“After accounting for higher tariff revenue and gains to domestic producers from higher prices, the aggregate welfare loss was $7.8 billion,” or 0.04 percent of GDP, the researchers said. The study was authored by a team of economists at the University of California Berkeley, Columbia University, Yale University and University of California at Los Angeles and published by the National Bureau of Economic research.
“The basic idea is that you use tolls for the specific purpose of reducing traffic congestion,” Michael Manville, an urban planning professor at UCLA, told NBC News. “The last 5 percent of vehicles on the road account for a disproportionate share of the delay all cars feel,” Manville said. “If you can find a way to deter a small proportion of vehicles, you get a big improvement in speed and big increase in flow.”
Fifty years of the internet | TechCrunch Opinion
(Column written by UCLA’s Leonard Kleinrock) When my team of graduate students and I sent the first message over the internet on a warm Los Angeles evening in October, 1969, little did we suspect that we were at the start of a worldwide revolution. After we typed the first two letters from our computer room at UCLA, namely, “Lo” for “Login,” the network crashed.
That increase began in 2015 with the arrival of a small number of refugees in Europe who were fleeing war in Syria and elsewhere, said Asli Bali, professor of law and faculty director of the Promise Institute for Human Rights at the University of California-Los Angeles. It was further fanned by growing economic anxiety, rising inequality and narratives that tell whites those problems are driven by immigrants and people of color.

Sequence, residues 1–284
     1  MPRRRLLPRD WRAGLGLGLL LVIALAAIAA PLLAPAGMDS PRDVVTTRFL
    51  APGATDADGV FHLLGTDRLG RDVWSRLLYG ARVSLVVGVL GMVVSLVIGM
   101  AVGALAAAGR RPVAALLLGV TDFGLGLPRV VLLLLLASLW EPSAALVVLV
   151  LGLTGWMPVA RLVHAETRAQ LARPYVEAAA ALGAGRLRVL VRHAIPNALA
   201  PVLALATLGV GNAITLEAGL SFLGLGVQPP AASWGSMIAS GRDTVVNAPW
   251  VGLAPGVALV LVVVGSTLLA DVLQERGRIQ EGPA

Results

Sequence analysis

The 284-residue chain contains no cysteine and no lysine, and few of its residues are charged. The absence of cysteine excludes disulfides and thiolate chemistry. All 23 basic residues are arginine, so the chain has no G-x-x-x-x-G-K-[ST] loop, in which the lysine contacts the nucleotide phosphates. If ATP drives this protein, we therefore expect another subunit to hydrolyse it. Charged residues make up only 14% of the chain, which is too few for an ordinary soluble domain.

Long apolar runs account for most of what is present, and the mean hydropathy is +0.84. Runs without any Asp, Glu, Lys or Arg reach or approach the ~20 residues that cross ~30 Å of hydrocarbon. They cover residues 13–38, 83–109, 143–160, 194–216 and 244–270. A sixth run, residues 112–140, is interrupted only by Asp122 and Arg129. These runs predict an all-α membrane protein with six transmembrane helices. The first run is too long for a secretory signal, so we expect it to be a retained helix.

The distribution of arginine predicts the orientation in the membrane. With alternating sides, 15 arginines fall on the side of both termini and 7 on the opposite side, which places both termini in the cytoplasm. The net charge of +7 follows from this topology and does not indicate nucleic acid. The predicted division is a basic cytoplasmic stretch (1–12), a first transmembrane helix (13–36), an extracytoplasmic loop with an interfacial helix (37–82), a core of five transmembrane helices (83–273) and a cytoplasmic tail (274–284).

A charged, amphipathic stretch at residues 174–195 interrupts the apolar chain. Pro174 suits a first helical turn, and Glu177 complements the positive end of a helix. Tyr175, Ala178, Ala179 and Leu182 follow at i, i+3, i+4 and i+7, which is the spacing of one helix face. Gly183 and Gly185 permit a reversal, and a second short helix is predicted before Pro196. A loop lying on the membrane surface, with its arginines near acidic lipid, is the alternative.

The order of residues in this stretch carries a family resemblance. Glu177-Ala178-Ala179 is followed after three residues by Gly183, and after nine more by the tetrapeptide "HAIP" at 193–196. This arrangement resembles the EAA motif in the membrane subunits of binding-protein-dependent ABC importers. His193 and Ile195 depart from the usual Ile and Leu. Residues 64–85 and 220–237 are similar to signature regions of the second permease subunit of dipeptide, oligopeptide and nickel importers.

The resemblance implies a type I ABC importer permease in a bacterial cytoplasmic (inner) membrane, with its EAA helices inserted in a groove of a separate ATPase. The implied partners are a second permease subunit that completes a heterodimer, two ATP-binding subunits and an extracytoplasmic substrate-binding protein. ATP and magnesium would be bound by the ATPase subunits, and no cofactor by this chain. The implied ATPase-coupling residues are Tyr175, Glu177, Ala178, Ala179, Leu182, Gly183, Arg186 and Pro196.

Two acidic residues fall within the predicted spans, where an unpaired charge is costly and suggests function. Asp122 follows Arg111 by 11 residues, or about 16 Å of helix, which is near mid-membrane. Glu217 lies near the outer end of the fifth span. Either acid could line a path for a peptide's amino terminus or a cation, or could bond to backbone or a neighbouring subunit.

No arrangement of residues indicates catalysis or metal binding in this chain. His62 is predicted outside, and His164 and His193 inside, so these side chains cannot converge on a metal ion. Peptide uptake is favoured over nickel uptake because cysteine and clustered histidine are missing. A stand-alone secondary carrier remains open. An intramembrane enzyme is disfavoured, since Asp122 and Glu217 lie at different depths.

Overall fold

The Mars 2020 news comes after the agency’s science chief, Thomas Zurbuchen, announced on March 5 that, due to cost growth, he was cutting — or descoping, in NASA argot — a magnetometer instrument on its next flagship mission, the Europa Clipper, also developed by JPL. The Interior Characterization of Europa using Magnetometry (ICEMAG) instrument had seen its projected budget triple, to $45.6 million, he wrote, and remaining technical risks could have caused its price tag continue to rise. “The level of cost growth on ICEMAG is not acceptable,” Zurbuchen wrote. “As a result, I decided to terminate the ICEMAG investigation.” The instrument will be replaced by a simpler model, with development led by researchers and engineers at the University of California, Los Angeles.
Understanding not memorization is the key to learning math | Australian Broadcasting Corp
“It’s not surprising, but I think ninety-odd percent of people think they’re innumerate. I think that’s the problem, not that they are innumerate, but that they believe they can’t do math for various reasons. Mainly because at some point they were socialized to believe that math is something you either can do or you can’t. So as soon as they met their first challenge in mathematics, that was all the evidence they need to realize ‘Oh, I’m not a math person. I can’t do that.’ So then they began to steer clear of math,” said UCLA’s James Stigler.